Publishers’ efforts to diversify their workforces slows in 2023, but heads of DEI point to progress

This editorial series examines industry trends across the media, media buying and marketing sectors as 2023 closes and the new year begins. More from the series →

It’s been over three years since the media industry’s white and male-dominant composition was put under a microscope. Since the murder of George Floyd in May 2020, publishers have appointed diversity, equity and inclusion leaders, expanded employee resource groups, led hundreds of DEI training sessions and committed to numerous goals to diversify their workforces.

But almost four years later, some of those efforts — at least the more public ones — seem to have lost their steam. Media companies that were publishing their workforce diversity reports at a relatively regular, annual cadence delayed posting those reports on their sites, including BuzzFeed, NPR and the Los Angeles Times. 

BuzzFeed published its diversity reports in October 2020, January 2022 and then not again until November 2023. NPR, which has released its past two reports in October, is not publishing its report with 2023 data until next January. The Los Angeles Times published a report in February 2021 and February 2022, but has not released a report publicly since then. Gannett typically publishes newsroom-level diversity data (including for USA Today) each year, but has yet to release the data for 2023.

“The company has gone through some major restructuring this year, with the sale of the San Diego Union-Tribune, layoffs at the Los Angeles Times and the planned closure of the LA Times printing plant, so our expectation is that we’ll begin publishing a diversity report again next year,” said an LA Times spokesperson.

An NPR spokesperson said the company was restructuring and reformatting their report (such as adding new visualizations and info graphics), causing the delay in publishing. BuzzFeed did not respond to a request for comment.

Company restructurings, layoffs, hiring freezes and other budget constraints appear to have slowed down the rate of improvements to diversify publishers’ workforces this year, with the data showing smaller changes year over year.

However, that doesn’t mean there hasn’t been any progress since 2020. As the charts below show, there have been notable improvements, with media businesses slowly becoming less white and male-dominated over the past four years.

Diversity stats from 2020 to now

Digiday has tracked publishers’ self-reported diversity statistics as they were released. The media industry does not have a consistent measurement of this data across different companies. While these stats aren’t the only important assessment of DEI progress at media companies, it is a first step in understanding the demographics of a workforce to see any improvements made in an organization’s efforts to diversify its employee base.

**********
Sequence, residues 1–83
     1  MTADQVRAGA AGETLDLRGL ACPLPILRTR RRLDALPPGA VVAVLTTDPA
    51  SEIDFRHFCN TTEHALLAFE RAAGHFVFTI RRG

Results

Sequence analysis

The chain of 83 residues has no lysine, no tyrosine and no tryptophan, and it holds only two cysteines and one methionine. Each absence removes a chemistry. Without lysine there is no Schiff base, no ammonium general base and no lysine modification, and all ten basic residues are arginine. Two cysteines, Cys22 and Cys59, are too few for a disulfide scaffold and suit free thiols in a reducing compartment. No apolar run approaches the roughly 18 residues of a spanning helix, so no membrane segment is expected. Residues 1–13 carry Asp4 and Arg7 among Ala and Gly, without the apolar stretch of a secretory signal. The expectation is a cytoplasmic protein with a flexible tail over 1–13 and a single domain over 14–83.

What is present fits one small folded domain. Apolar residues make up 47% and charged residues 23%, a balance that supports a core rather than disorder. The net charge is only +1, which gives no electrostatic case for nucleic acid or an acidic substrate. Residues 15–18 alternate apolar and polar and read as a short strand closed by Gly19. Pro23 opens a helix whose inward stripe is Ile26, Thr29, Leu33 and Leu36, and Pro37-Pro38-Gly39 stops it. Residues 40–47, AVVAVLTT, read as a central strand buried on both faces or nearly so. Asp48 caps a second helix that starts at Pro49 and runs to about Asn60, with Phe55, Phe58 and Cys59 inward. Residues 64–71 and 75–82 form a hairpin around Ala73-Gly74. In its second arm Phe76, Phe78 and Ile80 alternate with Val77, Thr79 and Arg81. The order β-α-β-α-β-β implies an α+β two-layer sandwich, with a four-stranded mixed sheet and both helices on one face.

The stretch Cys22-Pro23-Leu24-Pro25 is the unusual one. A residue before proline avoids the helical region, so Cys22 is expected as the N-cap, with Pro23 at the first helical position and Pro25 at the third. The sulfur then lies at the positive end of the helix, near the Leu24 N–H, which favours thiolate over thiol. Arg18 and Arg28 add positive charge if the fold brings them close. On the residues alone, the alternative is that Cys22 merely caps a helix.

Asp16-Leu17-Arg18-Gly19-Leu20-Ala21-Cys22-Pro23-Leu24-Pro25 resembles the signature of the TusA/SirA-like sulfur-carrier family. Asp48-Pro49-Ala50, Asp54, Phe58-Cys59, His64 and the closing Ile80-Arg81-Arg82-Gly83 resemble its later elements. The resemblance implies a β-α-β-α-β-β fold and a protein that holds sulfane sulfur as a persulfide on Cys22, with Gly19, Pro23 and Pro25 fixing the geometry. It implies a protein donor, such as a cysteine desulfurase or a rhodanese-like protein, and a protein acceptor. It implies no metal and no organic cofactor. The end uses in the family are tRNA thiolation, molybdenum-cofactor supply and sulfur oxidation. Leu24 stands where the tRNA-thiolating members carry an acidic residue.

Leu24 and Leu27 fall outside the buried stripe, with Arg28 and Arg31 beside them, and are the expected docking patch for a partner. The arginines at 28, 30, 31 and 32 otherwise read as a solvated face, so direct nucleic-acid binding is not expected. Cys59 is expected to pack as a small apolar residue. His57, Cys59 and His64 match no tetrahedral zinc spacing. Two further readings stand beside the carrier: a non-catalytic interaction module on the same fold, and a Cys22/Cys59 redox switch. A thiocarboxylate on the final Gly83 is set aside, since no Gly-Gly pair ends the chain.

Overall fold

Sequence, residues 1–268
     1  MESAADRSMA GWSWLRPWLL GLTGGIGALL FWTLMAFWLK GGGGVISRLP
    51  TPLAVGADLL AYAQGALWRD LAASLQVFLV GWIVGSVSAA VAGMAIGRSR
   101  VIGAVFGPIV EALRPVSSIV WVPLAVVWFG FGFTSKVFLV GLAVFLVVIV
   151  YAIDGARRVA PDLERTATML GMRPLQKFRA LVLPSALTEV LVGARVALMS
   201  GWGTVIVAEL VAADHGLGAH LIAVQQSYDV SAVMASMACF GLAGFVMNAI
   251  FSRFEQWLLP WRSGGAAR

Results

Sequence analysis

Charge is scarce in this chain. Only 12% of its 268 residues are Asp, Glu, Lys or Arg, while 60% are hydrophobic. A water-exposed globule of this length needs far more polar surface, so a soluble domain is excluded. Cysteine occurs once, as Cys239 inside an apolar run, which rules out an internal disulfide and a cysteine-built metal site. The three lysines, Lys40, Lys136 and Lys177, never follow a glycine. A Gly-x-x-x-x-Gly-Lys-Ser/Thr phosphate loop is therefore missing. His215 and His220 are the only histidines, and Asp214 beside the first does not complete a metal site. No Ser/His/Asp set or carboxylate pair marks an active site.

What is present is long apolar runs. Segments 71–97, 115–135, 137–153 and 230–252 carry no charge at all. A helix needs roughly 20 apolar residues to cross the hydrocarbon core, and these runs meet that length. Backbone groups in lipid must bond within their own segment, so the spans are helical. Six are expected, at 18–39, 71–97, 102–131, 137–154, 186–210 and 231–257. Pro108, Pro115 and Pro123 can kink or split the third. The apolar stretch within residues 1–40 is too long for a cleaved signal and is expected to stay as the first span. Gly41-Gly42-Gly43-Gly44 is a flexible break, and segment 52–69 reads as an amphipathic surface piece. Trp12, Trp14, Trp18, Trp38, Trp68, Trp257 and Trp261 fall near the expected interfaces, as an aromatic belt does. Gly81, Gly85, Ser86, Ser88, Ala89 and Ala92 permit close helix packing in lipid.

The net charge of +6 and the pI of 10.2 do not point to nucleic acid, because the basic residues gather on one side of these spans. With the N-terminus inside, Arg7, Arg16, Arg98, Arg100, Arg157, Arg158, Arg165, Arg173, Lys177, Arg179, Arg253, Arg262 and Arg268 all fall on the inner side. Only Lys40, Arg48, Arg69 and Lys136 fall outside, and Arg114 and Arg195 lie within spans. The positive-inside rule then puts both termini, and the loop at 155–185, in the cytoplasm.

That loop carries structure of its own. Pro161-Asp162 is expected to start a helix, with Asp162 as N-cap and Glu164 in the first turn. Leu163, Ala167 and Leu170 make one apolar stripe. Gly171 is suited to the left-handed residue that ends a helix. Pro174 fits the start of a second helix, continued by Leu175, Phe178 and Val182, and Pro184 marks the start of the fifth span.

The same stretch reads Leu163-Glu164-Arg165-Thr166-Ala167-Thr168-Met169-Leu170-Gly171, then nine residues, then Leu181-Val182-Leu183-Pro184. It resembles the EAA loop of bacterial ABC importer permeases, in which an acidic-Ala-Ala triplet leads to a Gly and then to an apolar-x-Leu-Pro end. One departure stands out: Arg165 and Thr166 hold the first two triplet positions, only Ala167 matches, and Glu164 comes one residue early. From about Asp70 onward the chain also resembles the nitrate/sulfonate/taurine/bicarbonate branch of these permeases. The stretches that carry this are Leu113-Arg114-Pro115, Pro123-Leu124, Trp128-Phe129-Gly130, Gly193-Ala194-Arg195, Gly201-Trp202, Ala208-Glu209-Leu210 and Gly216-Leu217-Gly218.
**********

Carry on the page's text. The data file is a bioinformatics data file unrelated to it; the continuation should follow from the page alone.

Notably, some companies that released workforce diversity reports this year are based on 2022 stats, while others are based on 2023 stats. The LA Times’ 2023 diversity data on its newsroom was released internally in June and shared with Digiday by a spokesperson.

Here’s how they’re faring, from 2020 to now, based on the latest data these companies have shared:

The largest improvements were at BuzzFeed, Condé Nast, NPR and Vox, all of which reduced the share of white employees at their companies overall by six percentage points from 2020 till now. 

However, year-over-year, BuzzFeed increased the share of white employees by one percentage point. Vox Media had a one percentage point change year-over-year. But Condé Nast and NPR had better improvements year-over-year, with a two percentage point change and a three percentage point change, respectively.

Other companies that had just a one percentage point change year-over-year include Gannett, Hearst, Insider, Vice Media and The Washington Post. The New York Times’ share of white employees at the company remained flat year-over-year. Overall, this trend could indicate that efforts to diversify workforces at media companies has slowed this year, a sentiment echoed by two heads of DEI who spoke with Digiday.

“It’s very hard to make progress if you’re stopping and then starting over… and rebuilding teams,” said Fritzie Andrade, Business Insider’s head of diversity, equity, & inclusion. “Collectively in the industry, there has been a slowdown because there’s been so much of that. We’re lucky that hasn’t happened here [at Business Insider]. Knock on wood.”

Most of the companies in these graphs now have more female employees than male. This is the case at BuzzFeed, Business Insider, The New York Times, NPR, Vice Media Group and Vox Media. 

However, employees at Gannett, Hearst and The Washington Post are still mostly male. Of the companies listed, Gannett had the smallest share of women, at 46% in 2023 (flat compared to 2020).

How economic challenges impact diversity efforts

It’s no secret that 2023 was a tough year for most media companies. Amid economic headwinds and a slowdown in ad spend, publishers underwent budget cuts, layoffs and hiring freezes.

“Maintaining momentum and focus has been challenged by all of the things that we as an organization — like so many other organizations — have been through this year,” said NPR’s chief diversity officer Keith Woods.

However, despite these challenges and the threats they pose to DEI progress at publishers, three heads of DEI work told Digiday they had not been affected by budget constraints this year — at least, not more than any other departments.

Woods said he believed that DEI work in general had “lost momentum” over the course of this year. “But at NPR, we have still been able to keep a very clear focus on diversifying the audience [and] our staffing. It’s been difficult for everybody, but even in light of that we as an organization have been able to hold onto the values that underlies all those things that happen,” he said, noting that his team was not impacted by NPR’s layoffs this year.